The CDC Now Adds Language To The ‘Health’ Concerns It Wants To Monitor

Not content to exceed its lawful authority with rent moratoriums and analysis of gun violence as a “public health” issue, the U.S. Centers for Disease Control and Prevention is now policing language.

Despite its sinking credibility with the public, the CDC recently saw fit to proclaim a list of “preferred terms for select population groups and communities.”

“To build a healthier America for all, we must confront the systems and policies that have resulted in the generational injustice that has given rise to health inequities,” the agency explained. “We at CDC want to lead in this effort — both in the work we do on behalf of the nation’s health and the work we do internally as an organization.”

Accordingly, it adds, “Achieving health equity requires focused and ongoing societal efforts to address historical and contemporary injustices; overcome economic, social, and other obstacles to health and healthcare; and eliminate preventable health disparities.”

And part of those efforts, it says, is “addressing all people inclusively and respectfully.”

“These principles are intended to help public health professionals, particularly health communicators, within and outside of CDC ensure their communication products and strategies adapt to the specific cultural, linguistic, environmental, and historical situation of each population or audience of focus,” the CDC notes. “CDC encourages all public health professionals and partners at the federal, state, and local levels to apply these principles across their public health communication work.”

This means adopting “preferred terms” – although the CDC doesn’t explain who exactly prefers the terms it wants public health professionals to use.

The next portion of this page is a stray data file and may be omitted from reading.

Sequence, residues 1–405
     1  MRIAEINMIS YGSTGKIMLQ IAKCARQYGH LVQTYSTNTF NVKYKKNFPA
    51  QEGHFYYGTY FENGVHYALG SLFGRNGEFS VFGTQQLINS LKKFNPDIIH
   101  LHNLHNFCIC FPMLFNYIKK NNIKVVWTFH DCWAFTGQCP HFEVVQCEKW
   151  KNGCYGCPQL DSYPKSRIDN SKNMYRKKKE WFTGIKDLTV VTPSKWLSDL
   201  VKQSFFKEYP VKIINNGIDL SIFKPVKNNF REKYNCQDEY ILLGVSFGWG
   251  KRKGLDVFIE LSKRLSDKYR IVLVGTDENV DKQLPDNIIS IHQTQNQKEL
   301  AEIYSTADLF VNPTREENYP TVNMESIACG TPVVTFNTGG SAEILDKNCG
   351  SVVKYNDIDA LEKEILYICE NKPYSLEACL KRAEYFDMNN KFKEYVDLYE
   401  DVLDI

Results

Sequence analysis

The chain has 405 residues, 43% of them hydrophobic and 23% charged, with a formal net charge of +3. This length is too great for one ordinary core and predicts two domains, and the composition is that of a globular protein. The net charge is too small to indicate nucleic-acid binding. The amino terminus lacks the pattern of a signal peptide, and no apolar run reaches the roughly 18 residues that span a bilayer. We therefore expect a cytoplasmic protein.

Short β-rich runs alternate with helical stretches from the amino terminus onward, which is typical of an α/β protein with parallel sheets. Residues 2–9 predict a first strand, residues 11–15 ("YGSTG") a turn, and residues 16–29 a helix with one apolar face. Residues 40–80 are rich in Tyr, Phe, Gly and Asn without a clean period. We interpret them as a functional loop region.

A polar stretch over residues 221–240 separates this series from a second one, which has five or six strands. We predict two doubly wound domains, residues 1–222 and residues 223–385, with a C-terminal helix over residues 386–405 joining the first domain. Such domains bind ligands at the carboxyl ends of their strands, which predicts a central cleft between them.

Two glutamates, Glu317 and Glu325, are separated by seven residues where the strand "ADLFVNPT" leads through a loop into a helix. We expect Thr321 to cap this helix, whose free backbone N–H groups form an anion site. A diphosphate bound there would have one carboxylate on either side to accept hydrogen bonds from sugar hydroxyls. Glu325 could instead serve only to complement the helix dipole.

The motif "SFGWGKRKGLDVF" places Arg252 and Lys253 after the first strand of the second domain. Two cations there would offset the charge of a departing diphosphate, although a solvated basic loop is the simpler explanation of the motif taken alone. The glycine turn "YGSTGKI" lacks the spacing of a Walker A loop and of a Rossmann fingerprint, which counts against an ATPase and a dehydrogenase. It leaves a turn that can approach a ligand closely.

As one example of its doctrinal madness, the CDC wants to do away with perfectly good nouns such as inmate, prisoner, convict/ex-convict, offender, criminal, or detainee and replace them with phrases such as “people/persons who are incarcerated or detained,” “persons in pre-trial or with charge,” “people who were formerly incarcerated,” or “non-US citizens (or immigrants) in immigration detention facilities.”

Rather than disabled, handicapped, or even differently-abled, the healthcare industry should now go with “people with disabilities/a disability,” “people who are deaf or hard of hearing or who are blind or have low vision,” “people with an intellectual or developmental disability,” or “people who use a wheelchair or mobility device.”

Instead of drug users, addicts or abusers, alcoholics, smokers, or “persons who relapsed,” our health guardians should say “persons who use drugs/people who inject drugs,” “persons with substance use disorder” or “alcohol use disorder,” “persons in recovery from substance use/alcohol disorder,” “persons who returned to use,” and “people who smoke.”

In other examples, instead of mentally ill, we should use “people with a pre-existing mental health disorder”; for illegal immigrants or illegal aliens, or just foreigners, we should call them “people with undocumented status” or simply “immigrant” or “migrant,” and “non-U.S.-born persons/foreign-born persons.” Old folks now called the elderly or seniors should be identified as “older adults or elders,” or by their “numeric age groups,” for instance, people ages 55 to 64.

The CDC left no stone unturned.

The directive addresses the “preferred” terms according to, of course, race and sexuality, as well as whether they live in rural areas.

One other example: People considered part of a “high-risk population” should now be described as “People who live/work in settings that put them at increased/higher risk of becoming infected or exposed to hazards.”

“Language in communication products should reflect and speak to the needs of people in the audience of focus,” the CDC further explained on its website. Thus, these terms “represent an ongoing shift toward non-stigmatizing language.”

They also represent an ongoing shift into confusion, diluted meaning of words, and lunacy. 

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